“Spending will be in excess of the budgeted level. Actual spending has averaged 21 per cent above budget over the past 10 years and even though oil prices were below the budget assumption for part of last year, the budget was still overspent by 16 per cent. We project total spending in 2010 at $164.2bn.”
However, Keith Savard, chief economist at the London office of Samba Financial Group, believes such projections are too optimistic and have not factored in the state-owned energy company Saudi Aramco’s use of the revenues towards its investment programme.
“We are expecting a small deficit of about $12bn [2.8 per cent of GDP],” says Savard. “The authorities’ oil revenue projection is not especially conservative if one assumes that Aramco will hold back the same -proportion of oil export earnings for its own investment -programme as it did in 2009, a -reasonable assumption given its pressing gas development needs.”
The decline in the value of Saudi Arabia’s foreign assets mirrored the change in oil prices in 2009. With these hovering between $40 and $50 a barrel in the first five months of 2009, compared with a 2008 average of $91, the central bank, the Saudi Arabian Monetary Agency (Sama), reported a decline in the value of its net foreign assets from $431.1bn in January 2009 to $382.1bn in July last year.
With private investment likely to remain sluggish this year, the public sector is expected to increase its support and act as the main driving force in 2010. Much will depend on the direction of oil prices, but the fact that authorities are anticipating a larger deficit than last year is certainly instructive.
“The oil price remains the key risk factor for the economic outlook in 2010,” says Kotilaine. “The performance of the economy will move more closely in correlation with the price of oil than the government would like to admit.”
“It [the budget] has been designed to boost the health of the economy, rather than just propping it up”
Jarmo Kotilaine, chief economist, NCB Capital
Some economists believe whether Saudi Arabia runs a deficit or not should not cause much alarm. Riyadh has reaped the rewards of the oil boom, accumulating about $400bn in foreign reserves, according to Banque Saudi Fransi. Cushioning the projected deficit of $18.6bn in 2010 is within Riyadh’s means.
“The government has enormous financial resources – well over 100 per cent of GDP – plus considerable scope for fresh domestic debt issues,” says Savard. “Our stress-testing indicates that the government could run sizeable deficits for many years if it needed to.”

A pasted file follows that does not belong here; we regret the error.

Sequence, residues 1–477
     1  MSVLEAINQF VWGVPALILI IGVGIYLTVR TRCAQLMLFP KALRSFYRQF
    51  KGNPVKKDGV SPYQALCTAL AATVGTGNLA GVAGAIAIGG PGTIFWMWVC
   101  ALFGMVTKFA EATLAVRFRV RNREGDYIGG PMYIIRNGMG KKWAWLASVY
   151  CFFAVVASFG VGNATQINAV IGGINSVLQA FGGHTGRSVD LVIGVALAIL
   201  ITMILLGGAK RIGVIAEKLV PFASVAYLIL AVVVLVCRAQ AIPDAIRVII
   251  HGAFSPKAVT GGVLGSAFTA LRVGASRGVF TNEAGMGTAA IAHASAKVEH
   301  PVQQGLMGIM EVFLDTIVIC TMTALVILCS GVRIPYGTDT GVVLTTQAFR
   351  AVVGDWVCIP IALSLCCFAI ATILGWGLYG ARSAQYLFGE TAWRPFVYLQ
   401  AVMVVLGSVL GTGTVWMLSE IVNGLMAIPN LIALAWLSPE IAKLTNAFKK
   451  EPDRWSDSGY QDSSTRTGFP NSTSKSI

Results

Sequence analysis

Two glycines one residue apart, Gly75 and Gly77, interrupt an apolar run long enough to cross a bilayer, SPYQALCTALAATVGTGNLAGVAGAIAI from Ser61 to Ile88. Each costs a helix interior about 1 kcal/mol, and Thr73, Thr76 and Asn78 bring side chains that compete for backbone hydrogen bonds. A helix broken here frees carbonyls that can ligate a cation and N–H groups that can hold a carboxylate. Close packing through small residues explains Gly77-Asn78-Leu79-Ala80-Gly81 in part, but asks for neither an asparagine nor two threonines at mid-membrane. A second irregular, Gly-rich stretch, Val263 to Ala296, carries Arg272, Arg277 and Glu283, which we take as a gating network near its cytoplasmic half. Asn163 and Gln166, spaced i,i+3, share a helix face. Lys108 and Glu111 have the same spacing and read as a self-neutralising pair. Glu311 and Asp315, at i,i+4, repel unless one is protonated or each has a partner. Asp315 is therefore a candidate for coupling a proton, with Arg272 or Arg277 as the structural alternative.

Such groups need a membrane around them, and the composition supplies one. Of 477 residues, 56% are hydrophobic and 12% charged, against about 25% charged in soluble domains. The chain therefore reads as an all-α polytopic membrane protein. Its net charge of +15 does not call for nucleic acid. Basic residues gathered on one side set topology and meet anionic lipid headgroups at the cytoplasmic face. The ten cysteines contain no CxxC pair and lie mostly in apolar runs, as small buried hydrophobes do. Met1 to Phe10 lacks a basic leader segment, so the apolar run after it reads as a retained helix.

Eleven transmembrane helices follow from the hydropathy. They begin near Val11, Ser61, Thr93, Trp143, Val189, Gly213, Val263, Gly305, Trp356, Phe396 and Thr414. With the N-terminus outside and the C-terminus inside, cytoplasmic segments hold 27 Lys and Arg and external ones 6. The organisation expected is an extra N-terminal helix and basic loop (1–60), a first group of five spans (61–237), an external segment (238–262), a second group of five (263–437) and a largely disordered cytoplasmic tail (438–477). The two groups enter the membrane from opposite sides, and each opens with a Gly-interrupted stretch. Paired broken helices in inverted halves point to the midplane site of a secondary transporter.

However, there are other fiscal concerns. Inflation averaged 4.4 per cent in 2009, which is high for an economy that experienced just 0.15 per cent growth.
Analysts are forecasting inflation will grow to 4.6 per cent in 2010, due to the fact that non-oil commodity prices remain high, the dollar remains weak and there is an ongoing shortage of housing that will continue to push up rents.
“Renewed pressures in this area are a major risk as the recovery begins to gather pace,” says Kotilaine. “Saudi Arabia has fairly limited armour with which to counteract this because of being pegged to the dollar.”
There is also ongoing concern over the recovery of the private sector, which has experienced a marked slowdown, falling from 4.7 per cent growth in 2008 to 2.5 per cent last year.
Kotilaine is expecting a revival in private sector activity this year to record a growth of about 3.75 per cent.
Savard is a little more optimistic, predicting growth of around 4 per cent. “Constricted financing will certainly constrain private sector investment in 2010, just as it did in 2009,” he says. “We see growth in this sector coming more from consumption than investment.”
However, industry insiders are confident that Saudi Arabia has adopted the right strategy for overcoming the downturn and sustaining growth, and has learnt from past mistakes. In the previous downturn in the 1980s and 1990s, the kingdom reined in its spending in line with falling oil revenues. This served to deepen economic stagnation.
“In good times, Saudi Arabia learnt to save a lot of money,” says Sfakianakis. “But equally, it has also learnt to spend money during the bad times.”
There are signs that Saudi Arabia is close to returning to the good times. Jadwa forecasts that real GDP will grow by about 4 per cent in 2010 while nominal growth could be as high as 13.5 per cent because of stronger crude oil prices. This is a promising forecast by comparison with the 22 per cent decline in 2009.
Given its vast monetary reserves, the kingdom is clearly in a privileged position to tackle the challenges of the current climate – whether the good times return sooner or later.